A positive outlook for global tunnelling industry

 

www.notimx.mx

 

March 2017.- Whether in the east, west, north or south, global tunnelling and underground development – worth $100bn annually – remains a buoyant and dynamic sector. And more growth could be expected with increasing needs for mining applications and rising urban populations leading municipalities to seek underground solutions.

 

2016 seems to be a particularly record-breaking year: the recent opening of the Gotthard Tunnel (11th of December) through the Alps in Switzerland exemplifies the outstanding size of projects launched and completed to date. Even though the activity has historically been very strong in Europe and North America, new trends have emerged in the past few years: nowadays, almost 60% of tunnelling projects are located in Asia, 29 cities in China are currently extending or building their metro.  Also, the place of South America is globally rising in the Tunnelling industry.

Global overview of projects underway in the world:

Overview in Asia:

  • The Deep Tunnel Sewerage System, Singapore
  • The Jurong Rock Caverns, Singapore
  • Thomson East Coast Line, Singapore
  • The New Guanjiao Tunnel, China
  • Xi’an, Shenzen, Shanghai, Chengdu metro extensions, China
  • Wan Chai Bypass, Hong Kong, China
  • Klang Valley, Kuala Lumpur- Malaysia
  • Mumbai, Kolkata, Dehli metro, India
  • Zojila tunnel, India
  • Teheran-Mazandaran highway, Iran
  • Gaoligongshan Railway Tunnel, China
  • Muzailing Railway Tunnel, China
  • Hong Kong-Zhuhai-Macau Highway Immersed Tunnel, China
  • Que’ ershan Highway Tunnel, China

 

Overview in South America:

  • Opening Metro Line 4 in Rio, Brasil
  • Sarmiento railway, Argentina
  • Duplications of Joa and Pepino Tunnels, Brasil
  • Agua Negra road tunnel, Argentina-Chile
  • Toya tunnel, Colombia

 

Overview in North America :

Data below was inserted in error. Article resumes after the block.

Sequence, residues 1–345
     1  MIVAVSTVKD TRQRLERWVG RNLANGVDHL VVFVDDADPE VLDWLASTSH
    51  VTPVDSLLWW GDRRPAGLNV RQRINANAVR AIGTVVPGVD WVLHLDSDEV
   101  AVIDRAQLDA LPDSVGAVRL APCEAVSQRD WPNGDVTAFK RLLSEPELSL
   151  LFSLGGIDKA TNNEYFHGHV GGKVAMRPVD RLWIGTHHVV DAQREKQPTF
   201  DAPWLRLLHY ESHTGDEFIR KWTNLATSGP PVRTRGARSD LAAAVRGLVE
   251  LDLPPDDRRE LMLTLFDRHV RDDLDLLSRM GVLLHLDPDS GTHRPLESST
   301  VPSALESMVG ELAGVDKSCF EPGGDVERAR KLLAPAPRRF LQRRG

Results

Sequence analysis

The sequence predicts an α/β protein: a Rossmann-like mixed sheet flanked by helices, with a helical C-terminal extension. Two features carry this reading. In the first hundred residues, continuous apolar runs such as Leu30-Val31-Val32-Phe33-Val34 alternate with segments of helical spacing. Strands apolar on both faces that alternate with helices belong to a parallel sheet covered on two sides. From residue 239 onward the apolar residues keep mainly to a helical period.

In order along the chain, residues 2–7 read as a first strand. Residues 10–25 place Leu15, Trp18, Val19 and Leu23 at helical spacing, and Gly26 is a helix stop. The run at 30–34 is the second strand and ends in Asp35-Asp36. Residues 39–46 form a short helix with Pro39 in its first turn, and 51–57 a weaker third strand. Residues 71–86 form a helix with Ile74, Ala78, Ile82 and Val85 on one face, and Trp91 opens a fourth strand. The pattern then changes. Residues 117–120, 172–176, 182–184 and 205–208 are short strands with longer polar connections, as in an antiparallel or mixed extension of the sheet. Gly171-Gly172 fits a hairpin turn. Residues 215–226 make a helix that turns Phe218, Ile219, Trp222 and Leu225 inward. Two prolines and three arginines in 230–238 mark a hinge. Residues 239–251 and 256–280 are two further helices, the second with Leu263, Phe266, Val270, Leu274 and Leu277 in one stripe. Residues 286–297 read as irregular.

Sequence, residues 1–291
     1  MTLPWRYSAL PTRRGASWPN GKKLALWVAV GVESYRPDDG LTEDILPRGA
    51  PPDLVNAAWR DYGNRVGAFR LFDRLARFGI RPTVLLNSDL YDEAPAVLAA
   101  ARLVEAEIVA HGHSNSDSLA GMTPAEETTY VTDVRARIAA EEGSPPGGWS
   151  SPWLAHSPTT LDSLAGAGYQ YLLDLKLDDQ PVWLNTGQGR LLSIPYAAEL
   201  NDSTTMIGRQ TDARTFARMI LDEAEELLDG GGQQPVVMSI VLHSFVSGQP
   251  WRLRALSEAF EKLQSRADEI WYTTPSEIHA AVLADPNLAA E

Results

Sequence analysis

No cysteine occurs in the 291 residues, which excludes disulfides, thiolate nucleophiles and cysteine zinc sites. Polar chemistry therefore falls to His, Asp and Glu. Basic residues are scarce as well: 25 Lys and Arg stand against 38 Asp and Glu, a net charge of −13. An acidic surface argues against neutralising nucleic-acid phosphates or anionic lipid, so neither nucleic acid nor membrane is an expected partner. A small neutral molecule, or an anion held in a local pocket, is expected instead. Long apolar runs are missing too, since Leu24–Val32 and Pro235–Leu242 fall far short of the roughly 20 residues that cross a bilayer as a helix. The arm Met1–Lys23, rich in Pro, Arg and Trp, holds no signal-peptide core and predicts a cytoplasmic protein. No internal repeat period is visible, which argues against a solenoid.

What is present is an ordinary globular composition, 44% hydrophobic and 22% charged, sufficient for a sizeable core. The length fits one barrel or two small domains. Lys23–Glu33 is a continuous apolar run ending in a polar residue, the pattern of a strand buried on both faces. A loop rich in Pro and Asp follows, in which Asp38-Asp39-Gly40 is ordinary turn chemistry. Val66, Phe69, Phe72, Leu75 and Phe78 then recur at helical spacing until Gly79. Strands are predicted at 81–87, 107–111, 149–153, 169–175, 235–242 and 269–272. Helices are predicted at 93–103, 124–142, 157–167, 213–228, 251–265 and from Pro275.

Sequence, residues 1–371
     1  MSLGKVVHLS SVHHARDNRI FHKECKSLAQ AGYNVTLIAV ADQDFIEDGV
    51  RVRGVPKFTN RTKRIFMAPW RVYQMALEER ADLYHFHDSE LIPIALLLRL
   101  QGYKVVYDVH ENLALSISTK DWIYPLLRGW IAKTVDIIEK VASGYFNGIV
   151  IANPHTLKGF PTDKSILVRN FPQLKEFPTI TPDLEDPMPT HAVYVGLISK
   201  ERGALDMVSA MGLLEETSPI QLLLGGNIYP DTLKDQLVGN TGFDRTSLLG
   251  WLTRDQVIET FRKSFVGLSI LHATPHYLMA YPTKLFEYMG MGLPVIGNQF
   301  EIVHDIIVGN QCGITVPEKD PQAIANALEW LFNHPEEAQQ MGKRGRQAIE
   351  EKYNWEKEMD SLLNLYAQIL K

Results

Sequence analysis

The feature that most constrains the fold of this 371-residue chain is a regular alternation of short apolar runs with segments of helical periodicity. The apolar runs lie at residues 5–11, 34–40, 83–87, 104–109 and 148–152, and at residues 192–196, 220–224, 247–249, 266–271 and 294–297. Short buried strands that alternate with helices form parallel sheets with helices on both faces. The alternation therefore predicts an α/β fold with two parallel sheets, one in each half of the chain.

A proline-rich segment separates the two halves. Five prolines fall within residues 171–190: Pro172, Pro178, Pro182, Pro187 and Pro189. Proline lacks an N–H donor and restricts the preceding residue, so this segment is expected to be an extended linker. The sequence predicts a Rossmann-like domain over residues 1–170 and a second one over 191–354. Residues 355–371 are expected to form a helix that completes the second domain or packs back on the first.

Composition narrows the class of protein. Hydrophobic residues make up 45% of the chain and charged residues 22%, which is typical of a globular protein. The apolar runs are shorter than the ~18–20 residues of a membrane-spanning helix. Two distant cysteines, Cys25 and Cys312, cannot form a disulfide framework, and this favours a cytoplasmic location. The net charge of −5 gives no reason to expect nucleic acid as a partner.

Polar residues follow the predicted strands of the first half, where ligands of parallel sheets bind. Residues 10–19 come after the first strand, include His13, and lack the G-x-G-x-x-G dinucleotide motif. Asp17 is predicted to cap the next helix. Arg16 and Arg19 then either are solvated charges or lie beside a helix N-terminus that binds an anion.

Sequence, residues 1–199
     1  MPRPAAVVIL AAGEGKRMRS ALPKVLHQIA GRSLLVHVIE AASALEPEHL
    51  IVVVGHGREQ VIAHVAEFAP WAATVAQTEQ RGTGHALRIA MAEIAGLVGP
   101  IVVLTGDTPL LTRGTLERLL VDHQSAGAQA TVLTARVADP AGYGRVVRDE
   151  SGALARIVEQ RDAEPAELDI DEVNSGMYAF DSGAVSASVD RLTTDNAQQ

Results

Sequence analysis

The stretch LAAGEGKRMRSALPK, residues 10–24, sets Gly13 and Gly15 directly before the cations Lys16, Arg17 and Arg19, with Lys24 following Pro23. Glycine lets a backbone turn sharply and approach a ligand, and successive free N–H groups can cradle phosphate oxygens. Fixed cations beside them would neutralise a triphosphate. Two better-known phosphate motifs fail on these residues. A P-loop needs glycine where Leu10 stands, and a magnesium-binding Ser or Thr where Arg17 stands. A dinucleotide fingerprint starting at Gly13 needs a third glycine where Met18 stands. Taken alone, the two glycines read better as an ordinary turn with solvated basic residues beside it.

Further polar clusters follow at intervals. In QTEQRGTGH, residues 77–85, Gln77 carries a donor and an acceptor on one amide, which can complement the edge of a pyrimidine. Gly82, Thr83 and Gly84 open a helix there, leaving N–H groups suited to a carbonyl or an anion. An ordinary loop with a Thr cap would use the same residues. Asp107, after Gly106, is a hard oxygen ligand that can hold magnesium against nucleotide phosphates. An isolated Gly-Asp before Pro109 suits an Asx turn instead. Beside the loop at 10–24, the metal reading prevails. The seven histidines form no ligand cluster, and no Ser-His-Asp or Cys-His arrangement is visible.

• California Fix Water Program, USA
  • Seattle Alaskan Way, USA
  • New York 2nd Avenue, USA
  • Metro Vancouver, Canada
  • Coxwell bypass Toronto, Canada

 

Overview in Europe :

  • The Grand Paris Project, France
  • Norway’s Ryfast scheme, Norway
  • Venda Nova Project, Portugal
  • Brenner Tunnel, Austria-Italy
  • Thames Tideway Tunnel, UK
  • Swina tunnel, Poland

 

A healthy dynamic exemplified by 5 on-going projects:

 

  • The Grand Paris Express Project

A typical example of the latter is the Grand Paris Express project – a truly ambitious expansion of the French capital’s metro network designed to connect central areas with the outer suburbs.

Around 205km of new line and 72 stations will be completed in phases through to 2030.

The project will involve the construction of 4 new, fully automated metro lines (Nos 15, 16, 17 and 18)  and the extension of two existing lines (11 and 14).

Line 15 will be entirely underground and will comprise the excavation of 75km of tunnels; Line 16 will be 25km long, including 5.5km in common with Line 17 which will be 27km long and have 9 stations, while the 35km-long Line 18  will have 10 new stations.

The majority of the tunnels will be TBM-bored through Paris basin sediments at depths of between 15-55m below the surface and advancing at rates of 10-12m/day. Up to seven TBMs will work simultaneously on Line 15 with spoil transported down the Seine. Five machines will work simultaneously on Nos 16, 17 and 14 with spoil transported down the Saint Denis canal. Work began in 2015 on line 14 and preliminary works on lines 15 and 16 in 2016.

 

  • Norway’s Ryfast scheme